As I mentioned in my previous post I’m part of a small group of authors called Firebound Books. We regularly compare our promotional data and the main thing that we’ve all discovered is that the market is changing. Whereas a few years ago a promotion on the smaller sites would guarantee a decent amount of sales and a boost to the sales rankings. Today, the payoff from the same sites is a lot smaller for paid titles. Even 99p/c sales result in very few sales and often fail to cover the initial cost of the promotions. As I’ve discussed before (read here) it now seems that the only way to guarantee large numbers of downloads is to give your books away for free.

The main cause of this seems to be that the majority of the promotion sites are massively oversubscribed with authors. Some of their mailing lists have gone from advertising just three books per day to ten and if your book is put at the bottom of the list then you’ll likely see a poor return for the investment.

To overcome this decline in returns we must do things differently. The market is now swamped with books and only by improving the quality of indy books can we hope to continue to make a dent in the market. Good book covers and most importantly well-written books are key. Unfortunately, Indy authors are often given a bad name because of the countless poor-quality books produced. We need to up our game if we are to remain competitive in this ever-changing marketplace.

For a list of book promotion sites look here.

Leave a comment below or get in touch via Facebook and Twitter and please sign up to the newsletter

Get Heir to the Sundered Crown for free!

Hi all, the release of book 3 in the Sundered Crown series is rapidly approaching. The book is currently at the editors being worked on and I’m excited for you guys to read the next chapter in Luxon, Ferran and Sophia’s epic adventures.

To celebrate the release and to build up some extra interest I’ve decided to give Heir to the Sundered Crown away for free!

Get your copy from https://www.instafreebie.com/free/XvmZJ

Facebook Advertising – A useful Tool for book promotion or utterly useless?

Something a bit different for this week’s blog post. This time I am going to tell you about my experiences with Facebook advertising and why I will not give Facebook another penny.

I’m sure we’ve all heard the stories online that self-published authors have seen huge success promoting their books via Facebook advertising but from my own personal experiences with it, I have to call ‘BS’.

Sure you could spend thousands of pounds (seems that’s the only way to even reach a large enough audience to make it worthwhile these days) promoting your books, blogs etc but are they worth it?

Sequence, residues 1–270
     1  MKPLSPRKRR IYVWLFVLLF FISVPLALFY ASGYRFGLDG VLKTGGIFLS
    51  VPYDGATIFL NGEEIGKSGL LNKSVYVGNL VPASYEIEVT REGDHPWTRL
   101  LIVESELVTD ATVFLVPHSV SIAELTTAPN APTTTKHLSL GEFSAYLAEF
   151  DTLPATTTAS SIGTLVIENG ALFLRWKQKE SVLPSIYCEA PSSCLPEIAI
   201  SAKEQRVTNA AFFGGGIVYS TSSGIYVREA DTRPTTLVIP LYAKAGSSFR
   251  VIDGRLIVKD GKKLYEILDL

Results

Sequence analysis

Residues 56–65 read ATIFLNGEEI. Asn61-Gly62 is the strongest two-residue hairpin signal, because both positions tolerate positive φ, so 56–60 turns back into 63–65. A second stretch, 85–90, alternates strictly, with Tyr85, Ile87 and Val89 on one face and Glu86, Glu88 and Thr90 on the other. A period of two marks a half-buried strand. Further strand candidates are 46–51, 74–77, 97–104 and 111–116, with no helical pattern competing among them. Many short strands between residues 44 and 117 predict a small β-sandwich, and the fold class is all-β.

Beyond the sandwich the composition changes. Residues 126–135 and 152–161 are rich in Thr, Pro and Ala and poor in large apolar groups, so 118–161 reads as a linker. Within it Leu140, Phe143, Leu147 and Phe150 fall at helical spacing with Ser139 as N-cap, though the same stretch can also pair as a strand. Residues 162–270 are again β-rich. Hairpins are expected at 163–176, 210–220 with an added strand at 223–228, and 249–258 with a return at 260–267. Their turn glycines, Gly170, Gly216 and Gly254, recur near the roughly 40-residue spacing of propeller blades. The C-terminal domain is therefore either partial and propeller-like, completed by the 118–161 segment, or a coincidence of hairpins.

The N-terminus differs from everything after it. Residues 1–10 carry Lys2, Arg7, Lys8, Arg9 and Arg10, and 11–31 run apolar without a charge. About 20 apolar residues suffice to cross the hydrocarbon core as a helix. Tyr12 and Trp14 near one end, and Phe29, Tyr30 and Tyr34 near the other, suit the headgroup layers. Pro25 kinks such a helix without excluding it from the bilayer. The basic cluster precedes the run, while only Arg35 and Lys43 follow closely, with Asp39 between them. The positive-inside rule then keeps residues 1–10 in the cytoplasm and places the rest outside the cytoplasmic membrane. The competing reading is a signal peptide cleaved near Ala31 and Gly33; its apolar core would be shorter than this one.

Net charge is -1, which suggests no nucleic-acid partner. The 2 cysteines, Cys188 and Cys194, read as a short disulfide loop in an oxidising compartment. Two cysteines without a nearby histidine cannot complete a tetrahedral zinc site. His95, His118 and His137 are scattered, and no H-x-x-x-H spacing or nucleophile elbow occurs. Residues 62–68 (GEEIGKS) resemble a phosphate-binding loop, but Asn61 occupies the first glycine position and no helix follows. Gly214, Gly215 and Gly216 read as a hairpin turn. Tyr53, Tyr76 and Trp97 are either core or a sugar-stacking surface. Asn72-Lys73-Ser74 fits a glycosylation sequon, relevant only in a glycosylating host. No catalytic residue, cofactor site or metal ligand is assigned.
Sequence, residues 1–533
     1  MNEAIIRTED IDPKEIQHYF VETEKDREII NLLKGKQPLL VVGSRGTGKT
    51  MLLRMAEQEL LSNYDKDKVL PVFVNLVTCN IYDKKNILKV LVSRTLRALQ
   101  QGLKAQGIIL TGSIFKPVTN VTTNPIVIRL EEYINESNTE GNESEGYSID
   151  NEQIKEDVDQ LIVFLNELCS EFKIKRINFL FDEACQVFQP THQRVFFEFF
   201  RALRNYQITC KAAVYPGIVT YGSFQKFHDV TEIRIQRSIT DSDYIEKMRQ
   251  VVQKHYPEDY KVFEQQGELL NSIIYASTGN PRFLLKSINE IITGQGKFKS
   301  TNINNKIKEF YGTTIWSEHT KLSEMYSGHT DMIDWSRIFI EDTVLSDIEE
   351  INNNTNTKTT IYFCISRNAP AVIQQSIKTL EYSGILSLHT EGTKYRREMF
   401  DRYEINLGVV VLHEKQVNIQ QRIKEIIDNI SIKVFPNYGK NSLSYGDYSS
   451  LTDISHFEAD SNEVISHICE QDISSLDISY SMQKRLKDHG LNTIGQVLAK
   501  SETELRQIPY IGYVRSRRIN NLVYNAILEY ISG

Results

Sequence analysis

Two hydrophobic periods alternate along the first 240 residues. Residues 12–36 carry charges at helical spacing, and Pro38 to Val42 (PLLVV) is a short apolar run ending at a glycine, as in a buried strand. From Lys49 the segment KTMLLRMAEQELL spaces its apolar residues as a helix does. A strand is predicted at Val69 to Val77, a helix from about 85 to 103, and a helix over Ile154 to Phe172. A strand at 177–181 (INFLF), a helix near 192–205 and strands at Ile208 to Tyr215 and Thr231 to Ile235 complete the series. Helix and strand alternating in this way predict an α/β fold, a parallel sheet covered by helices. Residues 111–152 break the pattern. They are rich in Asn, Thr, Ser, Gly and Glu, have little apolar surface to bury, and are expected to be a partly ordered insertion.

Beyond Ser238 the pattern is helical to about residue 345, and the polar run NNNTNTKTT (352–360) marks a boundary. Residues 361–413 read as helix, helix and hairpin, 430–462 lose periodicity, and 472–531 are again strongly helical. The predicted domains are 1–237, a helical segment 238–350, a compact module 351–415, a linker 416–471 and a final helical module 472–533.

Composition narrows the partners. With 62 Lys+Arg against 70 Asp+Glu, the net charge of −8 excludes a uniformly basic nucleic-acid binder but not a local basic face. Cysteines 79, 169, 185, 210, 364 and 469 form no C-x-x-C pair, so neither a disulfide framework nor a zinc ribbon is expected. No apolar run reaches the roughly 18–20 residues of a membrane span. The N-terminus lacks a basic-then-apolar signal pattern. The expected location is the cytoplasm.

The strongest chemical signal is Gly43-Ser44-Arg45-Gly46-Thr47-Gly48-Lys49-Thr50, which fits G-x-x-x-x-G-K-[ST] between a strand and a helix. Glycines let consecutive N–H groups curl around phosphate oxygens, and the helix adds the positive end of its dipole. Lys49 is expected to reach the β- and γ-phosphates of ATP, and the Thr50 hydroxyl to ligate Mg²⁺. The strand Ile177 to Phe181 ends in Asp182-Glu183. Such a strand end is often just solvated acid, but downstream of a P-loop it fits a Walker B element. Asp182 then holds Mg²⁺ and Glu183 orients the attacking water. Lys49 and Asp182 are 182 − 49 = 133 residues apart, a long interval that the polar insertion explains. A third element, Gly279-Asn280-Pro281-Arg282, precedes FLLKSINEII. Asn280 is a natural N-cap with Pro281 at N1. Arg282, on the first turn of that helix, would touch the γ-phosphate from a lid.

Let’s go back a few years before Facebook introduced its ads. It was a great time for advertisers and marketers as your posts were pretty much guaranteed to be seen by a large amount of organic traffic and all for absolutely nothing.

Then Facebook decided to take advantage of its huge user base and smartly decided to charge companies and the like to promote their content and ads. All well and good you might think, they’re making cash that’s the whole point of business but then they changed things up.

At the start you could pay a tenner and your ad would have been seen by thousands of relevant people from the audience you chose in the options.  Today this is not the case. Even after you painstakingly tailor your target audience for your ad, you’re lucky if more than a 1,000 people see it at all let alone your target audience.

I recently ran an ad campaign targeting people in the USA and UK in the age group of 18- 50 and tailored their interests to relevant book genres and famous books. I thought that it was a solid audience to aim at. I submitted the ad and left it to run its course (this was with a £30 budget).

Sure enough, over the following days, the ad seemed to be getting some interest. A dozen or so people had liked the ad and the stats even said that it had generated a few clicks. Great, I thought, this should convert into book sales or Kindle Unlimited reads. No. No, it did not. Comparing the Amazon stats with the amount of clicks and likes the Facebook ad generated there was a huge discrepancy.

Ads Don’t Even Reach Your Intended Target!

I took a closer look at the Facebook ad stats and what I found both surprised and angered me. Of all the likes on the ad only one was by someone actually from the UK and USA. I clicked on each of the names that had clicked the ad and discovered that 99% of them were from countries like Indonesia, Iran, Nigeria and judging by their profiles they were either fake accounts or people with no connection to the US or UK at all!

More than a little peeved I did some research online and found numerous articles on the subject written by people who have all experienced similar discrepancies.

Here’s just a few –

http://radar.techcabal.com/t/is-facebook-advertising-the-biggest-scam-ever/4328

http://www.businessinsider.com/mans-600000-facebook-ad-disaster-2014-2?IR=T

http://digitalsynopsis.com/buzz/facebook-fake-likes-fraud/

With such hit and miss (mostly miss) results, it makes it extra annoying that Facebook now demands more money to reach such a small number of people. If you want to reach many thousands then you have to be willing pay out a LOT of money. With the ads not even being shown to your target audience, the whole thing just feels like a right scam.

I for one will not be wasting my cash on Facebook ads again.

What’s been your experience of using Facebook Advertising? Let me know in the comments or on social media.